It has to be noted that CF 16 is Canadian-led and not a NATO exercise (though participants are all members of that alliance). There are no NATO headquarters, no NATO flags flying, possibly no NATO funding (though some NATO infrastructure is probably being used), and no NATO dignitaries visiting. CF 16 is part of what the CAF calls “force generation” by which the RCN, Canadian Army and RCAF train individuals, teams, units and up to formations (groups) in the skills and knowledge they need to be “combat ready” (which encompasses non-combat capabilities, too). Maritime Forces Atlantic (MARLANT), the RCN formation on the east coast, is responsible for CF 16; there are similar exercises on the west coast led by Maritime Forces Pacific (MARPAC). When necessary, the trained forces will be employed (“force employment”), either domestically in Canada or deployed, by the Canadian Joint Operations Command (CJOC), a senior headquarters in Ottawa. For naval forces, the Commander of MARLANT assumes a different responsibility (“puts on another hat”) and as Maritime Component Commander, controls their activities for CJOC. That control is mid-level (“operational”) – a tactical commander controls local activities. For CF 16, one can be assured that commanders and staffs at the operational and tactical levels are getting exercised too – it is not just the ships and aircraft.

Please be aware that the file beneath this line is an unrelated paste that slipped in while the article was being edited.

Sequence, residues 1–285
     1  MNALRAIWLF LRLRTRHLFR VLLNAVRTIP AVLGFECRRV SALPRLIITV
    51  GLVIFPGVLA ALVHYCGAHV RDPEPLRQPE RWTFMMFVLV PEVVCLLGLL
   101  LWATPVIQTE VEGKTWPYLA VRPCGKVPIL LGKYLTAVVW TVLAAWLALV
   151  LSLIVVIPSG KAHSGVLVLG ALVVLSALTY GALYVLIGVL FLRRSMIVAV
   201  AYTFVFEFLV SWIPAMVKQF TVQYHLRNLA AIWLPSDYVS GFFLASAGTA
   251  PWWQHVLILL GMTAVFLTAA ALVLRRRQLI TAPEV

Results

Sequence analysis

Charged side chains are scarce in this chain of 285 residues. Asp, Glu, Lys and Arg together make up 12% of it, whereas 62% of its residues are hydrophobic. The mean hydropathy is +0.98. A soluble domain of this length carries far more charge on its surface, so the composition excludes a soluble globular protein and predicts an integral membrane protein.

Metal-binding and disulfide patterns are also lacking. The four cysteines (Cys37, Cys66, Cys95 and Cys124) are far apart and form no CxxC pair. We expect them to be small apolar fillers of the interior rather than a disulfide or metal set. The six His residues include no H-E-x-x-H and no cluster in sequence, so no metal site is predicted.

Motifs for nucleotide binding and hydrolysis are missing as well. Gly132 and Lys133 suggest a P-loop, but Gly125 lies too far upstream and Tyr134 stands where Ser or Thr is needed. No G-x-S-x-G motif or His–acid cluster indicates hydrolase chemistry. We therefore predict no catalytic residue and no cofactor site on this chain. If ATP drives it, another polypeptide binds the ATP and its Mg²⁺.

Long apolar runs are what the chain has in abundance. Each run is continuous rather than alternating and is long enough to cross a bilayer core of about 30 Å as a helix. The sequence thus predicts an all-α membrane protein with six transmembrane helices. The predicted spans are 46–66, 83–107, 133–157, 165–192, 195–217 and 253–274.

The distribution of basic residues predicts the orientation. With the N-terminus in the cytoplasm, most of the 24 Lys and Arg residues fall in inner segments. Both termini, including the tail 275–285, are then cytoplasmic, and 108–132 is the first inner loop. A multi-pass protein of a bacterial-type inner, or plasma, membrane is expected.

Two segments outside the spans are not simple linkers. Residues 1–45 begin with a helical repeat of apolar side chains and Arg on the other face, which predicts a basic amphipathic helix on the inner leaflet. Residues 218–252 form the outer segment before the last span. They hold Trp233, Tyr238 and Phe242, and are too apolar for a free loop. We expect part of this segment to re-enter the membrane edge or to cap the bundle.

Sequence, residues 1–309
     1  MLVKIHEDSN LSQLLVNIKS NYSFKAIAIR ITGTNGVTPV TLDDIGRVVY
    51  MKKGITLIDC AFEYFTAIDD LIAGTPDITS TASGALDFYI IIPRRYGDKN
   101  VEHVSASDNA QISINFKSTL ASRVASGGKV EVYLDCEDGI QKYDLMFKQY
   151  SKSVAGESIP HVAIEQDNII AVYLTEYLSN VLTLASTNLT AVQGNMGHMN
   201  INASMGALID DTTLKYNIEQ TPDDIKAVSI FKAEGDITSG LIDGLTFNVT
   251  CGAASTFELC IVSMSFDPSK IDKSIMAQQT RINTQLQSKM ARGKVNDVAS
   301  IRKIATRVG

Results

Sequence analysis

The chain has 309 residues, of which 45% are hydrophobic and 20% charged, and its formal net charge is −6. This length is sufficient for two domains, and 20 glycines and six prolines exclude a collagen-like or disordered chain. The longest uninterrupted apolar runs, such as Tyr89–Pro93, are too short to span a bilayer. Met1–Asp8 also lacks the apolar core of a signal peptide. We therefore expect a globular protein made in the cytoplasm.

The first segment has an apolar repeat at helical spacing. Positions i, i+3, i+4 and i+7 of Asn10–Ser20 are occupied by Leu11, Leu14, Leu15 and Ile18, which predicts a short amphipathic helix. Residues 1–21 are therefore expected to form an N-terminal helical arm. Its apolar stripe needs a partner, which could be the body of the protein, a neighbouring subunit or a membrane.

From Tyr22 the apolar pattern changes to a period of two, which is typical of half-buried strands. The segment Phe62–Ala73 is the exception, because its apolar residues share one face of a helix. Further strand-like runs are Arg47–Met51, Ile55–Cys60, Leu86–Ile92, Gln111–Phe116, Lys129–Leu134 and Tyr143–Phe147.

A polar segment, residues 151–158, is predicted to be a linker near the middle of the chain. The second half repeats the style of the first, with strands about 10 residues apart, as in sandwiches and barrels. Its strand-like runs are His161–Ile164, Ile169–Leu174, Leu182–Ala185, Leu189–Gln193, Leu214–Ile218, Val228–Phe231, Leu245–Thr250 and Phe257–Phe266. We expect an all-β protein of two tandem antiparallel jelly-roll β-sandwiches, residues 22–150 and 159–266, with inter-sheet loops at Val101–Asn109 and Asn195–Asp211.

CF 16 is focused on anti-submarine warfare (ASW), operations by sea, air and undersea forces against others’ submarines. ASW, especially in our regional waters, is extremely demanding on everyone from individual sonar operators to collaborating ships, aircraft and sensors operating across the entire area. ASW skills and knowledge are perishable, so must be kept sharp through frequent practice. Like building ships (and Canada has gone through that experience), it is not something to stop and start fitfully. One has to invest, to practice, constantly.
Whilst ASW dominates as an exercise objective, there is other training ongoing. Mine warfare (MW) is being exercised at the entrance of Halifax harbour. MW is another demanding skill and knowledge set – hmm, there’s a theme showing here. The Naval Reserve are a major part of Canada’s MW capability, sailing Kingston-class ships. This emphasizes that being a balanced navy means also having smaller ships and specialized groups like dive teams. At some point the Kingstons will need replacing, as will the small vessels of the Fleet Diving Units. Defence procurement is not just all about acquiring large combatants, replenishment oilers and Arctic patrol ships.